Sorry to take so long to reply:
>Peter asked: Glad to hear that's working. What kind of business is this in?
I work in a museum. They have a huge database for their artifacts but only images of the artifacts themselves are stored in this database. They resist the idea of calling an image an artifact in its own right. Therefor all other images such as those of exhibits, field trips, brochure and poster shots, production documentation, special events etc. are cataloged in xMedia. This is for two reasons:
1) There is no funding for another expensive database (it's amazing how much money can be sunk into one of those enterprise size databases, especially when you factor in all the training, consulting, database management and IT upkeep they involve)
2) No-one on staff wants to learn more operating procedures of another complicated asset management program. The interface and ease of use of a program, especially for people who will not be working with it every minute of the day and for that matter maybe only once a month, is of crucial importance. We've already gone through one other enterprise style database that was eventually turfed because it was so obtuse that everyone was just spending their time finding ways to not use it.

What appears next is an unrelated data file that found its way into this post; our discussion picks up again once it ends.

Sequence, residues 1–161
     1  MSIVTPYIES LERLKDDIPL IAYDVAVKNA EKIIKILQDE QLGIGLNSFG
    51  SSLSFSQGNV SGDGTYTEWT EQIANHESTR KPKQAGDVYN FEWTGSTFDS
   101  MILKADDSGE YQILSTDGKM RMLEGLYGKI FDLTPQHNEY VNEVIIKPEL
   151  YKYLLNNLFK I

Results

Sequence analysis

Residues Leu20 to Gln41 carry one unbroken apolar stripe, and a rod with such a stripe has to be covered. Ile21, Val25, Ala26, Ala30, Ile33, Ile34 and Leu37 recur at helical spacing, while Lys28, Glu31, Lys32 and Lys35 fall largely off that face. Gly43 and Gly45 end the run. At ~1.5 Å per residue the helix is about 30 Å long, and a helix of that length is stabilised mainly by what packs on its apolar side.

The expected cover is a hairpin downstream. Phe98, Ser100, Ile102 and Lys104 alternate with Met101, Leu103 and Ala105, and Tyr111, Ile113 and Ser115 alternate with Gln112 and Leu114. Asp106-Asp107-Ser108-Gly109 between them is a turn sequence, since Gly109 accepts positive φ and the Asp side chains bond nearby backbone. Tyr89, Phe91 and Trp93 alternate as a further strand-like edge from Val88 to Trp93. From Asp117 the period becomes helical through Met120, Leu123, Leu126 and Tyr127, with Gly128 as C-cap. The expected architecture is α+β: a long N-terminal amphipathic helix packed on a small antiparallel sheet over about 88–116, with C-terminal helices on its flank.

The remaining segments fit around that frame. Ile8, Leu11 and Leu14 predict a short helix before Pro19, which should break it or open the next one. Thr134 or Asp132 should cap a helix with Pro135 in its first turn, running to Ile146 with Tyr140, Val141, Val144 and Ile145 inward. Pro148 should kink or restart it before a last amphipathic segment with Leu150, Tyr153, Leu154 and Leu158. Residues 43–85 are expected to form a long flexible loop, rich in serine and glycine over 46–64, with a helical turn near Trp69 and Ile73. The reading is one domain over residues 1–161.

>Peter asked: The other drawback is that as individual users look through catalogs, they can't add their organizational information back.
This would have been great but often it can actually be a benefit that they can't. Not everyone thinks about the information the same way and people sometimes write in the weirdest things (going back to an earlier database where you wrote things into fields). It depends on what they think is important and often they do not look at it from the point of view of a person doing the searching. This can make search results very inconsistent.
>Chip asked: Aniemann, do I understand correctly that you maintain two copies of each file? One in the locked folder and one in the distribution folder?
Yes. Two copies of the database file. The data entry person works with the unlocked version and the rest of the staff always view the locked version. Because the editted file is automatically copied it doesn't feel complicated. However this can be a nuisance when someone else that's an expert in their field should also be editting the info and have to be given write access.
What we are doing with xMedia is definately a workaround but I don't see a better solution for us for now. My ideal would fit the following criteria:
- a centralized server style database that was as easy to use as iView/xMedia,
- did not need speciallized IT skills to install and manage,
- did not cost such an exorbitant amount,
- was produced by a company that has a good chance of being around for a while
- had as large an information/user base as iview/xMedia so we wouldn't need to always hire expensive consultants to come figure things out for us.
....I don't want much, Andy